U.S. Water News Online
LONDON -- Ultrasound treatment technology developed by British scientists has proven effective in neutralizing the threat of cryptosporidium in drinking water. Biwater, a leading British water process company, has patented an ultrasound system designed to rupture and deactivate "crypto" oocysts.
"We have invested 350,000 pounds in our process and are confident that it will successfully eliminate the problem," said Saad Alani, research and development manager for Biwater.
Sonochemistry studies by the Department of Applied Physics at Coventry University in the British Midlands, have identified "hot spots" of local energy that produce cavitation bubbles within the rarefaction cycle of an ultrasonic wave. When the bubbles collapse, a surge of energy is generated that is capable of destroying biological and organic contaminants in water. The research has been specifically aimed at treatment of chemically polluted water, improved catalytic destruction of specific pollutants, and remediation of contaminated soil.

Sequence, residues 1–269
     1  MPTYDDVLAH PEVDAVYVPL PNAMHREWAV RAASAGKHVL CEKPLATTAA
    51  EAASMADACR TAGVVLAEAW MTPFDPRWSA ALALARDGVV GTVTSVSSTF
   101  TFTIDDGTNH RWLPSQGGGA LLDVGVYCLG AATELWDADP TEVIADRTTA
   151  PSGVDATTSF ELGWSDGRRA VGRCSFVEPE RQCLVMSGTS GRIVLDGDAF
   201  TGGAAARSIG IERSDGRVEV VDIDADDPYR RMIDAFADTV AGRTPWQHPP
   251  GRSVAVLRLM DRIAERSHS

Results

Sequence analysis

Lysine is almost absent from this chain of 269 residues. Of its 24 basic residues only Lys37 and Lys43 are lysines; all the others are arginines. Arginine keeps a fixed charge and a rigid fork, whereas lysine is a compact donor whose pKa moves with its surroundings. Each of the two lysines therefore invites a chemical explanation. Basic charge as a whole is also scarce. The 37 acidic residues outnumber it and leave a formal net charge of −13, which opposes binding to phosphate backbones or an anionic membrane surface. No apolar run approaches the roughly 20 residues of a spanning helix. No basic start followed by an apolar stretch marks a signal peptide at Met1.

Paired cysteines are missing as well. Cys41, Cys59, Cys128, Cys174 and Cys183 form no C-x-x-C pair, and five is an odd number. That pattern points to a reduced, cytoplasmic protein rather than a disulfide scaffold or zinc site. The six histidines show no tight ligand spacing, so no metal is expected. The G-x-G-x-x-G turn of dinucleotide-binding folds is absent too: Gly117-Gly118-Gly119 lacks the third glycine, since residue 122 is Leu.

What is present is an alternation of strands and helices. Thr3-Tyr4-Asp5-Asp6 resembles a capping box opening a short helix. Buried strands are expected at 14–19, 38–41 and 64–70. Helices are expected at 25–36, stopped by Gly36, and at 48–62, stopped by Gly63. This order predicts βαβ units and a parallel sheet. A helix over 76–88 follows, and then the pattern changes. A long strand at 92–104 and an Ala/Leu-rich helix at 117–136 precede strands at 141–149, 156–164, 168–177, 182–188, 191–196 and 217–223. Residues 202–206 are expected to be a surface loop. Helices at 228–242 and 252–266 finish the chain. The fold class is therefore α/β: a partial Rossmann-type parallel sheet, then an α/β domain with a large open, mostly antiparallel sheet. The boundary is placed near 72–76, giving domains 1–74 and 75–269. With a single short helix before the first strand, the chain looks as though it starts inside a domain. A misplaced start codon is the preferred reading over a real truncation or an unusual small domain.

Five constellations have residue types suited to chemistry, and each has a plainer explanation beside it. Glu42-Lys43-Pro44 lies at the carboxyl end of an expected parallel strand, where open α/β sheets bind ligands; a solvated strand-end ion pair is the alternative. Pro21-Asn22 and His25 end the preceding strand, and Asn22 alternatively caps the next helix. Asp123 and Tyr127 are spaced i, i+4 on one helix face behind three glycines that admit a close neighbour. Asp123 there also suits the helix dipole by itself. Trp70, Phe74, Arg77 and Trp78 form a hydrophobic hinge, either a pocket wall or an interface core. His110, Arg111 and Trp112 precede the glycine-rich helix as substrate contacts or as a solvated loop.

"To date the process has not been used on a large scale so costs are difficult to establish," said Timothy Mason, professor of chemistry at Coventry University. However, added Mason, a number of U.K. companies, including the Scottish firm of FTD Engineering Design & Development, have expressed interest in the ultrasound treatment technique.
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